Id love to see a slide of the histopathology. How about putting that up before giving the diagnosis to judge clinico-pathological correlation.

  8. David – great analysis – thanks. We don’t have histology slides for this one, but we want to present some for future cases. I’ll respond tomorrow with more comments, once others have chipped in.

  9. The analysis of this dermoscopy image is tricky. For the beginner, using the 3 Point Checklist, you would probably agree that it is ‘asymmetrical’ and has multiple types of network, and certainly has blue/grey. So you might score this at least 2, or even 3. This would support your plan to biopsy! For the more advanced folks you might spot the polygons, which hint at lentiginous melanoma. This is a lesion very suitable for a nice, deep-enough, and complete shave biopsy. The whole lesion is removed because it is pigmented and we are worried it might be a melanoma. Next we will show you images of the dermoscopy that display the polygons, and we will show you the post shave image. Any bets on what the histology showed?

  10. I would expect a reasonably normal architectural pattern of the dermoepidermal junction with preservation of the rete.
    A basically lentiginous, single cell growth pattern but focal patches of melanocytic proliferation producing confluence, junctional nests and single celled pagetoid spread.
    Melanocytes would be only moderately atypical with mild enlargement and slightly darker staining nuclei.

  11. OK, I was on the wrong track but it just goes to show how important it is to correlate the clinical picture with the histology.
    I noticed in the histology a small focus of junctional lentiginous naevus. Would you say that was uncommon in an 82 year old? I appreciate that there was no atypia seen but I would be scanning it closely knowing that the atypical lentiginous junctional nevi of the elderly, Kossard naevus?, which was once considered premalignant but now would probably be classified as melanoma. Further reason to take the whole lesion in a shave.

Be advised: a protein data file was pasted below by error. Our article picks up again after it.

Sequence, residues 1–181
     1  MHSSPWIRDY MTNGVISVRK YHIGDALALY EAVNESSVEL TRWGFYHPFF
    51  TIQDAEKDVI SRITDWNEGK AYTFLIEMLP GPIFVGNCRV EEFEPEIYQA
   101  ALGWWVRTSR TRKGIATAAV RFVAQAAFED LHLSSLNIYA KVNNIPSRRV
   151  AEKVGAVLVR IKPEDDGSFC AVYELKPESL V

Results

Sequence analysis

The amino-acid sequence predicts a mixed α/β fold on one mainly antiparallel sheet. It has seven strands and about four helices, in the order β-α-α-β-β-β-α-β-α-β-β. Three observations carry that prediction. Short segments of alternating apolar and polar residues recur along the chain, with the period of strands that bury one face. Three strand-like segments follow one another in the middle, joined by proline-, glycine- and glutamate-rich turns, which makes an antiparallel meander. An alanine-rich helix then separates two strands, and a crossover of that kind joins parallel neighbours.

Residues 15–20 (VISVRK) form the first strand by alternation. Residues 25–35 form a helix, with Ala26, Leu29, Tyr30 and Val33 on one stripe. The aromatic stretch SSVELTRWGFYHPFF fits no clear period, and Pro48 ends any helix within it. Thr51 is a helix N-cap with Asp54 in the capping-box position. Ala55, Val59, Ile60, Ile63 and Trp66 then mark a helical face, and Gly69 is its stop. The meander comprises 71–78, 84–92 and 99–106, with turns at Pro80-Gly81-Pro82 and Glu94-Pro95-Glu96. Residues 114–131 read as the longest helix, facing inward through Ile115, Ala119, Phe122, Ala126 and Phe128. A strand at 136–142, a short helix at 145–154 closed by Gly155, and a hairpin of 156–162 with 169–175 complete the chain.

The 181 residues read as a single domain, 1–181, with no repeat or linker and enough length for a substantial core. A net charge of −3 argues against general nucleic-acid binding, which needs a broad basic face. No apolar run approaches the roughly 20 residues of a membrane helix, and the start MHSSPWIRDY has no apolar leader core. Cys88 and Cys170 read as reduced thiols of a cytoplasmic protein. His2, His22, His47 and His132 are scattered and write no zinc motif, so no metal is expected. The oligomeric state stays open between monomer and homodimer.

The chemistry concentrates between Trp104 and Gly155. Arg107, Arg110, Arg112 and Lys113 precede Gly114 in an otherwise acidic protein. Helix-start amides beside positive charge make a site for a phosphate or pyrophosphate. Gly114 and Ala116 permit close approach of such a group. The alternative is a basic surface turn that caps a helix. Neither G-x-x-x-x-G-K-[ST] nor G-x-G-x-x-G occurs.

1. David, Agree with your comments. Conclusion here, for me, is:
      – atypical clinical / naked eye appearance (always a worry)
      – dermoscopy confirms concern, and indeed heightens it; the polygons make me think ‘melanoma’
      – full excision biopsy (this time done by full, deep enough shave as the lesion is flat and thin
      – histology shows no evidence of malignancy, lesion fully removed by the deep shave
      = job is done.

      1. Thanks for the interesting case Prof. Wilkinson.
        My last 8 years as a GP were spent at Rainbow beach (SE QLD) and I saw a lot of patients with backs like this. Extreme UV exposure. Also melanoma of various sorts but a large proportion of lentiginous melanoma, but also lentigo maligna, pathological diagnosis of Kossard naevus and a variety of other melanocytic proliferations.
        This stimulated my interest in histopathology and skin cancer medicine in general. I now work in a skin cancer practice. I have enjoyed the change to a sub specialisation and the ongoing academic stimulation towards the end of my medical life.

    1. Pete – you raise a very very important issue here: does the pathology report make sense, considering the whole situation. It is very important for us as GP’s to not see pathology as the “gold standard” or the “full and final answer”. It is not. The gold standard is “the whole picture – history, examination and pathology” and it is we, as GPs who have that “whole picture”. So, how to deal with this situation? Certainly, raise doubts about whether there was a specimen mix up. You can always ask the pathologist to do more sections and check more of the specimen. In this case, there is no doubt that the slides were not mixed up. And, as the whole lesion was removed, not further treatment was necessary. If you still had doubts you should certainly keep chasing the issue!!

  12. Amazing the report came up as TV as the dermatoscope image shows pigmented skin lesion with chaos and an area of brown and pink which is always a suspicion, and moreover it shows polygons and brown-black dots at top part, torturous vessels and an eccentric area of regression, all of which points to LM, but seems was only a TV…